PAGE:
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Letters to the Editor

Dear Sir,

News of Volkswagen's major expansion [Volkswagen Bratislava begins major expansion, Vol. 4 # 17, Sept. 7-13] may be seen as good news for Slovakia's embattled economy, but a shiver went down my spine when I read Mr. Holeček's statement that they would like to triple production and make up to 1,000 cars a day at the Bratislava plant.

In my six years in Slovakia, I have witnessed a dramatic rise in the number of cars on the road here, and have seen the gradual erosion of what was (and still is, by British standards) an excellent public transport system. I have seen the streets of Bratislava and Košice become choked, Western-style, by the increase in traffic. I have often been appalled by the nature of the car crashes that happen here. Although Slovakia may never become as car dominated as Britain, where great parts of rural England have been eaten up by new roads and where village buses have become an anachronism, it will lose much of its charm and character as traffic levels grow.

Jonathan Gresty, Prešov

Dear Sir,

Slavomír Danko's article, entitled "Voter education programs becoming increasingly partisan," (Vol. 4 # 15, August 13-26) was inaccurate (and irresponsible) in several respects. We will address the issues which pertain directly to our organization, Nadácia pre občiansku spoločnost (NOS).

First, NOS is only one of 11 members of a coordinating council for the civic campaign OK '98, and NOS's office acts as 'Secretariat' for the campaign, providing administrative support. NOS did not, as you claim, "kick off" the campaign. OK '98 was 'kicked off', and is directed, by the coordinating council.

Second, the text of your article shows the election-related program which NOS is responsible for, Rock volieb '98, to be non-partisan. However, you insinuate otherwise by the article's headline, as quoted above. Further, you claim in the article that the program is primarily US funded. In fact, most of the funding for the Rock volieb program is not US-based.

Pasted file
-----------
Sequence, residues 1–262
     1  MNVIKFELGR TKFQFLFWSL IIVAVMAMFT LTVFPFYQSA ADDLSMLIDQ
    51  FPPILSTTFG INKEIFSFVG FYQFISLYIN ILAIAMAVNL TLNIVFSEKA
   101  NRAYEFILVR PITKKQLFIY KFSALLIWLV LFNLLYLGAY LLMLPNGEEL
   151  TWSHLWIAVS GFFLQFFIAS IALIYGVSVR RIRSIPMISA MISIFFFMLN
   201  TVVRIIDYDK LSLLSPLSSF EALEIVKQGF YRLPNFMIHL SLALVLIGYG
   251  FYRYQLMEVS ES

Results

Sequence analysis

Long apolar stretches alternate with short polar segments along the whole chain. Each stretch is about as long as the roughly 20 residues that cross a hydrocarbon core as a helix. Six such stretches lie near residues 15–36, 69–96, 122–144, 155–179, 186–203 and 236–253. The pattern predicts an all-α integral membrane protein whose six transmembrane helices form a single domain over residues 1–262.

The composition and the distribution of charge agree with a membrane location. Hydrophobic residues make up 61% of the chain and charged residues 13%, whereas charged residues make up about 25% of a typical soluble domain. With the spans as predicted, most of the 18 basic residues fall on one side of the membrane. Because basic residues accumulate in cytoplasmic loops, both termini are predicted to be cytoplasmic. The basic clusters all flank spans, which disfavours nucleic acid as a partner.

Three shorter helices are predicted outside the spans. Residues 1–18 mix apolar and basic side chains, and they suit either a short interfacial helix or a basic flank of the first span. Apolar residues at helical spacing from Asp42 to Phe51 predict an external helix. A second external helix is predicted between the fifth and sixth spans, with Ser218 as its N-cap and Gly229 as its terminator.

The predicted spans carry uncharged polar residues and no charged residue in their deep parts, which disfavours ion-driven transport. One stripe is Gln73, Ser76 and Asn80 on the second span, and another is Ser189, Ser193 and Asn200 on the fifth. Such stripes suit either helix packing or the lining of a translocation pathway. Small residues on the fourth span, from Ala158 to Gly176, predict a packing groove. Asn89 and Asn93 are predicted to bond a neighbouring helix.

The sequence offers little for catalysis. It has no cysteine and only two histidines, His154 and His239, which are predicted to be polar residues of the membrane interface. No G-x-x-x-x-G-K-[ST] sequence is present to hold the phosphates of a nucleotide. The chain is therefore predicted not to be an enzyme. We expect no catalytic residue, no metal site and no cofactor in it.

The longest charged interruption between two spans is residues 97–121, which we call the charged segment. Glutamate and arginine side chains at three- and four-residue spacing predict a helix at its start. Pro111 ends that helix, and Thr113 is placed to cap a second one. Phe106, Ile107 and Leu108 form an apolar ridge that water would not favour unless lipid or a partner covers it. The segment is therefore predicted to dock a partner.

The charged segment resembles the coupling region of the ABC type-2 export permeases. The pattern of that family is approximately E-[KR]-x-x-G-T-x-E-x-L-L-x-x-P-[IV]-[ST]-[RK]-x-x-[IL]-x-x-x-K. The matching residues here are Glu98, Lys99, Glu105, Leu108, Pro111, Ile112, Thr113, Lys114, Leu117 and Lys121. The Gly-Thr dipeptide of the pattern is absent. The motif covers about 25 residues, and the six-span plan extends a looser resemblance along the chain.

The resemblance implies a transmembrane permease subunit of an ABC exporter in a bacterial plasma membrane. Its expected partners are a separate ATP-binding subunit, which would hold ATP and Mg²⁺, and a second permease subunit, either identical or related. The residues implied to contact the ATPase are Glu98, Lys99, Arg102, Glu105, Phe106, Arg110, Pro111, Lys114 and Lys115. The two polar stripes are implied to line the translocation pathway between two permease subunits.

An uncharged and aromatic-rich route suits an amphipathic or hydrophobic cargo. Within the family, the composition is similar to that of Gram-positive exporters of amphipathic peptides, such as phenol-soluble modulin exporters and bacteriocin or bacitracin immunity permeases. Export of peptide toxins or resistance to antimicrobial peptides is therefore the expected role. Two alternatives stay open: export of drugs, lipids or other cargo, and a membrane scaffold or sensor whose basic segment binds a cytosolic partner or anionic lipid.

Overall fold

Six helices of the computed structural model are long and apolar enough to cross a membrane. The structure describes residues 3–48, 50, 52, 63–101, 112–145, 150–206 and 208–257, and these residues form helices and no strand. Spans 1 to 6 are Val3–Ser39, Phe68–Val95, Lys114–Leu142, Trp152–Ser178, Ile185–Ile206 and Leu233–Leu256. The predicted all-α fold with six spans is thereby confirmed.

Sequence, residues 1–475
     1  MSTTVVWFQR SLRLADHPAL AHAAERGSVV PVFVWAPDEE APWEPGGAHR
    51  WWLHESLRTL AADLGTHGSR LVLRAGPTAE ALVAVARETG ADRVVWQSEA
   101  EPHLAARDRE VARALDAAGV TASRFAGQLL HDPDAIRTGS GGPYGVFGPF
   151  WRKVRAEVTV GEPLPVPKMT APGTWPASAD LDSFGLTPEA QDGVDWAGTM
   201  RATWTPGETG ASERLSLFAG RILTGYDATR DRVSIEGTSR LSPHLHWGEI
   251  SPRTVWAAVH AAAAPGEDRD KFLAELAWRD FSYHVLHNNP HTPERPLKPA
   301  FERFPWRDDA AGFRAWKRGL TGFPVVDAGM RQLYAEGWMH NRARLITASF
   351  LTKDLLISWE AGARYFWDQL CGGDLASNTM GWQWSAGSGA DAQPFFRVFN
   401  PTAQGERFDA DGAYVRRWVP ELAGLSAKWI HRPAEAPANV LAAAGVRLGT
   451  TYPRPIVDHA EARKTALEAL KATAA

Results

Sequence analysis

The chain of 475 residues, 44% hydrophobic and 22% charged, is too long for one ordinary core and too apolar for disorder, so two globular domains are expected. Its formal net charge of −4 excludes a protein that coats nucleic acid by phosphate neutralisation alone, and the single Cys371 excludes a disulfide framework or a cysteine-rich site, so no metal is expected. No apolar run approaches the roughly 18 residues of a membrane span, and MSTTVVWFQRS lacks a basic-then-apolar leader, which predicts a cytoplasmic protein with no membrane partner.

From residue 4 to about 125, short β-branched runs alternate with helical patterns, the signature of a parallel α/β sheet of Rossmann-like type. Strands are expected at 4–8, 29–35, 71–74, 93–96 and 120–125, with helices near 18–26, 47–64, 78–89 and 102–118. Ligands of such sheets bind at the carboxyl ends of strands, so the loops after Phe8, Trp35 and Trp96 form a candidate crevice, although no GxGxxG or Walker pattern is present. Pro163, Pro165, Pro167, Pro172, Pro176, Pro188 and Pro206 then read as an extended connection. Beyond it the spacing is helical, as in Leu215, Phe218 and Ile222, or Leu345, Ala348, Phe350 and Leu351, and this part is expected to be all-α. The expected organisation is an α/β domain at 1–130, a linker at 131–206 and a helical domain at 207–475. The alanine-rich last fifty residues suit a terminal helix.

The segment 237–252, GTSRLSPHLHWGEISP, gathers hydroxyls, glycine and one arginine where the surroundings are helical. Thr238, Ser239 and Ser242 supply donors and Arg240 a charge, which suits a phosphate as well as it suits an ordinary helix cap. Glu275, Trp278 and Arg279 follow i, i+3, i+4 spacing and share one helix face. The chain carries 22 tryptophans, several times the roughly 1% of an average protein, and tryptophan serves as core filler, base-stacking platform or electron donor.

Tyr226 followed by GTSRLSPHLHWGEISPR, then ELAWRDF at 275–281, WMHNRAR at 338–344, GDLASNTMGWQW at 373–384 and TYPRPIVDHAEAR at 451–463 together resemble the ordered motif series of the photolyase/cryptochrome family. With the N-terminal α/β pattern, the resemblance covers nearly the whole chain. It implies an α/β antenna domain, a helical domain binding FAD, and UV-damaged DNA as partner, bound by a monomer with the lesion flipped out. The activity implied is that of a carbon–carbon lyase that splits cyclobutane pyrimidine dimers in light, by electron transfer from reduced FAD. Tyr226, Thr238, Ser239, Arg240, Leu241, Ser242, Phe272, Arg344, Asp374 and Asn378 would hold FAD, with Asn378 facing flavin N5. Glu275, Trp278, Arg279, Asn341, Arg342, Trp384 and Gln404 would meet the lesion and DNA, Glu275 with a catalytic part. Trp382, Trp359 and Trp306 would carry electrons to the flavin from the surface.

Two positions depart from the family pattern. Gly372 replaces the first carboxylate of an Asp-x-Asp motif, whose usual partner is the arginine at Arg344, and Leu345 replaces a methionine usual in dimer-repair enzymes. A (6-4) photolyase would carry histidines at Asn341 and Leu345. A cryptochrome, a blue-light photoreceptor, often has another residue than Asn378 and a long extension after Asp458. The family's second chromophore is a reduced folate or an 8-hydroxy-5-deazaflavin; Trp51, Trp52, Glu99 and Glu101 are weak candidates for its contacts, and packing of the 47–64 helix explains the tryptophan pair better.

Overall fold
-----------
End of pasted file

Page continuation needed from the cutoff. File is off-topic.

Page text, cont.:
NOS has maintained a strictly non-partisan stance in its citizen education efforts. This is not always easy at the current time in Slovakia, when everyone wants to know 'which side you are on'. The Rock volieb campaign has sought to help alleviate this problem by addressing a goal which people from all sides of the political spectrum can support, to build a stronger political voice for Slovakia's youth.

Your newspaper does not help this goal with its sensationalism. While typically a reliable source of news, the Slovak Spectator has on several occasions taken liberties to exaggerate just how divided and polarized Slovak society is. Perhaps this makes for exciting journalism, but it does not make for honest or responsible journalism. Voter education is a sensitive topic, in Slovakia as in many countries, and we therefore request that you make a stronger effort to adhere to unbiased reporting.

Soňa Korbašová, Executive Director NOS,
Marek Kapusta, Program Coordinator, Rock volieb 98,
Bratislava

[Ed. Note: The article in question looked at Rock volieb in the larger context of Slovak voter education programs, stating that "several of these groups have been accused of trying to shape people's convictions as well as heighten their political awareness." While showing that groups like Gemma '93 and KOZ made no bones about espousing a political viewpoint, the article demonstrated that Kapusta's Rock volieb "has steadfastly refused the offers" of politicians who wanted to conscript the group for their own ends. "We have been declaring our non-partisan orientation since the beginning," the article quoted Kapusta as saying, "and we stand by the promise."]

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